They have a medium to long thick double coat designed to keep them warm in sub-zero temperatures (and cool in hot weather as well).

A double coat means that there are two layers to the coat: a short, dense wool undercoat and a longer guard layer that protects the skin and fur below from moisture and debris.

Wooly Malamute
Some Mals have an even woolier coat than others.

Due to this, Mals need grooming properly a few times per week and will shed year-round; they’ll also shed excessively when they’re blowing their coats, which is seasonal shedding to prepare them for the warmer (or colder) months.

Rottweilers also have a double coat, but their coat is much shorter, so it doesn’t require as much grooming. This also means they will seasonally shed as well, but as their fur is shorter, it isn’t as much of a problem.


Rottweilers are typically larger than Malamutes both in height and weight:

  • Malamutes reach 23 to 25 inches in height at the shoulder and 75 to 85 lbs in weight, although they very regularly exceed this weight.
  • Rottweilers are larger and reach 22 to 27 inches in height at the shoulder and 80 to 135 lbs in weight.

There isn’t much difference in the height, but Rottweilers are generally much heavier. Some Malamutes, known as ‘Giant Malamutes,’ can exceed 100 lbs easily, but this does come with health risks, and it’s better for Mals to stay within the healthy range of the breed standard.


Despite the many differences between the Alaskan Malamute and Rottweiler, there are quite a few similarities between these breeds, and a lot you wouldn’t expect at first.

Working Background

Although the origin of the Malamute and Rottweiler is very different, both dogs have a working background.

An Alaskan Malamte laying on some grass panting

Working dogs tend to have a higher requirement for exercise, which is true of both of these breeds, and they’re also generally more intelligent.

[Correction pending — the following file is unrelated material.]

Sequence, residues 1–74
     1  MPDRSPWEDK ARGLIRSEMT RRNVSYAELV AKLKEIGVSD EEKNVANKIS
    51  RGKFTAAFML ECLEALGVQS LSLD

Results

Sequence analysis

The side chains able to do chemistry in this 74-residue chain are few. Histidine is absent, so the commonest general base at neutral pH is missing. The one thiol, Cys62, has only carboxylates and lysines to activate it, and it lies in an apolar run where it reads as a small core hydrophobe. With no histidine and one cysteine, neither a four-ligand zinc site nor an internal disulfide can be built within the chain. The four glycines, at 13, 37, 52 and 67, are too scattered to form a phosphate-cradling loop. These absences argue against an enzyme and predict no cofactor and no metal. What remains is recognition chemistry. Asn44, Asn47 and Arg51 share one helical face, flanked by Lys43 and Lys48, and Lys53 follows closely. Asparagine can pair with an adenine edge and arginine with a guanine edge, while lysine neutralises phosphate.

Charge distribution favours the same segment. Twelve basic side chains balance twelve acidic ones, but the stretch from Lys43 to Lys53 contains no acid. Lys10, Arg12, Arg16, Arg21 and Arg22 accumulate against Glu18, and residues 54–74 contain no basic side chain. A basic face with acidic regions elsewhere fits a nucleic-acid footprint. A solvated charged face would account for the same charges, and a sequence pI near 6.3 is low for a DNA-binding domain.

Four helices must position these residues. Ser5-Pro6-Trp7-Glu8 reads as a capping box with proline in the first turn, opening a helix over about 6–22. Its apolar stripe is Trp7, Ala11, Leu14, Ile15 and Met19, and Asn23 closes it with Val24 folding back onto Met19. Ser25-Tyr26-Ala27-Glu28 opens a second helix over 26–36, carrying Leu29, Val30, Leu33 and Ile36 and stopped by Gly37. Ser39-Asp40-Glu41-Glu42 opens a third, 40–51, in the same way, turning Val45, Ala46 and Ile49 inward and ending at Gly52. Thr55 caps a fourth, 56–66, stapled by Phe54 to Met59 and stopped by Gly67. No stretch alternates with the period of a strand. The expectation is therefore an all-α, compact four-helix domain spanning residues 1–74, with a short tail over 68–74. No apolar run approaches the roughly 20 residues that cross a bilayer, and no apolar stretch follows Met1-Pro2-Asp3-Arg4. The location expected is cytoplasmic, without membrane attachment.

These differences become more noticeable if you get a working-line version of either breed.


Alaskan Malamutes are freight dogs, which means they were bred specifically to haul heavy loads over long distances.

With this came a natural strength that hasn’t left them; Mals can easily pull you over if you aren’t expecting it, and it’s why on-leash training is important with this breed.

Rottweilers are also incredibly powerful thanks to their large and muscular physiques, and can also easily pull you over if you aren’t suspecting it.

Prone To Separation Anxiety

Another similarity between these two dog breeds is that they are both prone to separation anxiety.

Separation anxiety is a condition where a dog may exhibit destructive behaviors when left alone for periods due to stress.

Malamutes and Rottweilers are prone to this condition, which can become a big issue due to their size.

Require Socialization

Socialization is a requirement for the Alaskan Malamute and Rottweiler. All dogs benefit from socialization, but it impacts the Malamute and Rottweiler in slightly different ways.

Malamutes benefit from socialization specifically because it teaches them to contain their excitement and behave correctly around new people rather than jumping up at them.

Socializing Rottweilers can help calm their guarding instinct and help them interact with strangers without hesitation. The guarding instinct of the Rottweiler is often beneficial, but they must be friendly to other people when needed.

In Summary

Alaskan Malamutes and Rottweilers are both incredible dogs that specialize in different things.

Rottweilers are suited for guarding roles and are naturally suspicious of strangers; they’re also larger than the Malamute in both height and weight.

Alaskan Malamutes, although smaller, are still large dogs and are highly energetic and friendly. However, they’re more difficult to train than Rottweilers due to their stubborn personalities.

When it comes down to choosing between the two, it all depends on which traits you value.

Feel free to check out some of our other Alaskan Malamute comparison articles below:

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About The Author

Caitlin is the owner and lead writer for The Malamute Mom. She has over 10 years of experience with Alaskan Malamutes and Huskies. She is currently working on getting her PhD in materials science but continues to write for The Malamute Mom in her spare time.